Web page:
HRSB continuously applies costly bandaids and cosmetics to ESDH; a new floor in the undersized gymnasium, a partial replacement of the ventilation, partial asbestos abatement, a new parking area, which is attractive, but in fact has eliminated many of the student parking spaces, resulting in students parking their vehicles on the public road - reportedly a concern to police, fire, and emergency services.
Most recently, HRSB had a "water study" undertaken, in an effort to identify an on site source of potable water. 3 new wells were drilled, showing a resulting volume that fell below the minimum recommended, even with the school population remaining stable. The report also noted that "...neither the current demand nor anticipated future demand support fire protection loading or sprinklers at the facility". Notwithstanding the results, as well as the cautionary language in the reports regarding costs associated with developing on-site water, it is our understanding that HRSB is in any event planning to connect the new wells to the building.
Our group has invited input from Dr. Don Trider, former principal at ESDH, former superintendent of schools for Halifax County School Board, and retired Superintendent of Schools for HRSB; he recently remarked to the Minister, "after a tour of the school ... the kind of teaching and programming our students need cannot occur in the boxes of 1965. Purely cosmetic changes, rooms for guidance and teen health, paved parking etc. do nothing to advance learning for all of our students. A peek in the library was very discouraging--I think I may have put those bookshelves in when I was there in 76".
Many students have told us that when they attend other high schools in HRM, and throughout the province, they are shocked, and hurt, by how far behind ESDH is. Teachers likewise are frustrated by the inadequacy of ESDH and Gaetz Brook. Many students take out of area transfers,to schools that can deliver better curricular and extra-curricular programs.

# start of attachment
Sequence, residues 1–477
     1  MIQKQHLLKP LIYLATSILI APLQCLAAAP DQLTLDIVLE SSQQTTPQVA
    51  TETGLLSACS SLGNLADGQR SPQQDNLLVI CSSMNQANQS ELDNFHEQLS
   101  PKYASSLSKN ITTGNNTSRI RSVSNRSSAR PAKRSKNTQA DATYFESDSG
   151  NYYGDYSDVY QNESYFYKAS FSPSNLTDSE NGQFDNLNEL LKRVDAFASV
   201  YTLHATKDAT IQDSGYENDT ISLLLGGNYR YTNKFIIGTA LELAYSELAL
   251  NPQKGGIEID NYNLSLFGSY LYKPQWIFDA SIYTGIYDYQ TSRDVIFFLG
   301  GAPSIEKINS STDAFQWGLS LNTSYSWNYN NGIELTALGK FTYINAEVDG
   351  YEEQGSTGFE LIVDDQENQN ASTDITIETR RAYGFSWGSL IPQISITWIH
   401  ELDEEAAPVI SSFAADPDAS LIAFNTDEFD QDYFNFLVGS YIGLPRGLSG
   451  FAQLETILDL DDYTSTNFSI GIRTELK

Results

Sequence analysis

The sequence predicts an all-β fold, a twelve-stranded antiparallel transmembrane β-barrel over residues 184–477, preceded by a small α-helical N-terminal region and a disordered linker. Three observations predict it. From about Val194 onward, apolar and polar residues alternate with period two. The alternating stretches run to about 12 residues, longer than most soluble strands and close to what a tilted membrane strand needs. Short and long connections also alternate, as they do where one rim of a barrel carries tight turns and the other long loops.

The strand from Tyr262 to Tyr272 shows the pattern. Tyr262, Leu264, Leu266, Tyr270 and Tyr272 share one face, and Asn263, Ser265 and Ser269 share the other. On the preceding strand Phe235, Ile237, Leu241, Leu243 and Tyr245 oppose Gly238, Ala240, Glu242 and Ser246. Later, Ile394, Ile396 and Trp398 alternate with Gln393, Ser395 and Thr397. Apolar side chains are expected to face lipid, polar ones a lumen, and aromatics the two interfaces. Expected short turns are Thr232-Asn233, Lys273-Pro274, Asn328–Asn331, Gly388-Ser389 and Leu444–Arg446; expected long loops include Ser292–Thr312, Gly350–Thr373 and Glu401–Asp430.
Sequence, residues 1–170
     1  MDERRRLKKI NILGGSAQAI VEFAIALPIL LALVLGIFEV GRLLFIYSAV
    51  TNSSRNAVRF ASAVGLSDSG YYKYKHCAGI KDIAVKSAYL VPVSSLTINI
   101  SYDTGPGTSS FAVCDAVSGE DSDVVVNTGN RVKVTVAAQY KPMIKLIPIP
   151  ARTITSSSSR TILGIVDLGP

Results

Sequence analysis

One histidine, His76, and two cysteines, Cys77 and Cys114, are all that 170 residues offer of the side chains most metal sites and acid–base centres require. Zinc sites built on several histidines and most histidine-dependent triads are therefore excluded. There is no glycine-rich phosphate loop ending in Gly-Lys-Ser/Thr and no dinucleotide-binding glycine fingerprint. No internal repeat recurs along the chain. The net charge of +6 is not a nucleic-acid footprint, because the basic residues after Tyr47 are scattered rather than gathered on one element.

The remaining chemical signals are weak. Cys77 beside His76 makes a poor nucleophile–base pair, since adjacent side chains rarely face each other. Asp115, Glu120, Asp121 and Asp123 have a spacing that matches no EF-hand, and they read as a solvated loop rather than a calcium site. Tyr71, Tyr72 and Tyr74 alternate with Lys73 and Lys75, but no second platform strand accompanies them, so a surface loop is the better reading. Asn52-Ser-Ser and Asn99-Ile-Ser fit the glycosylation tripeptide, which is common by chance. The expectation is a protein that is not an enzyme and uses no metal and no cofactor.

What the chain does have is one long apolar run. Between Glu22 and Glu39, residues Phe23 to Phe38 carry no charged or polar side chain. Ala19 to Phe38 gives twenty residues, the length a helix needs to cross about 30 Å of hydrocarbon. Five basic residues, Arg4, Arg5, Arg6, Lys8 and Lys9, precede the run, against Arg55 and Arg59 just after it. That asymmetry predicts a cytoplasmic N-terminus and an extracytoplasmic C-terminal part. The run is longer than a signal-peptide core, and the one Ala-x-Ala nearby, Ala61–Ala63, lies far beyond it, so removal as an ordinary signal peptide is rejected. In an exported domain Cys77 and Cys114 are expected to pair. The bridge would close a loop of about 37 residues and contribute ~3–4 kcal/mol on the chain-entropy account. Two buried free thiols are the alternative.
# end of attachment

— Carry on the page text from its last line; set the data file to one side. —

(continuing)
Yes, there are older schools in HRM, but they are not high schools.It is at the high school level where programs and the tools to deliver them,are more complex, where students are beginning serious preparation for post secondary experience. But ESDH students are being left with the impression that somehow they are second class citizens. The motto / promise of the HRSB is "providing a high quality education for every student every day". Mr. Wright, in his motion says that as a member of the HRSB, he has a "fiduciary duty. Yes he does; as does every member of the Board; that duty isto provide a "high quality education to every student every day". A fiduciary duty means a duty to provide the highest standard of care to the "beneficiary" of the duty; it is not to be confused with a "fiscal" duty. Yet however well intended Mr. Wright's motion may be, it in effect asks board members to revisit the previous list of school replacement recommendations with a new group based on population, once again leaving ESDH ignored.
Our students at Eastern Shore and Gaetz Brook, and the communites throughout, deserve the same quality facility as students in Citadel High, CP Allen, Millwood, Halifax West, Sir John A., Sackville High and all other high schools in the province. They deserve a safe, healthy,inviting modern, environment. We believe this is an opportunity to create a new "green" school, with , for example, sustainable energy sources such as wind power, solar power, and geothermal heating; an internal greenhouse; curriculum flexibility to incorporate the natural , non- urban resources of the Eastern Shore, such as agriculture, aquaculture, forestry, and eco-tourism.We urge all HRSB members to get behind the long overdue replacement of ESDH with a new, modern, green, junior senior high school.
Please do not once again push us to the back of the line.
On behalf of the Community Campus Vision Association.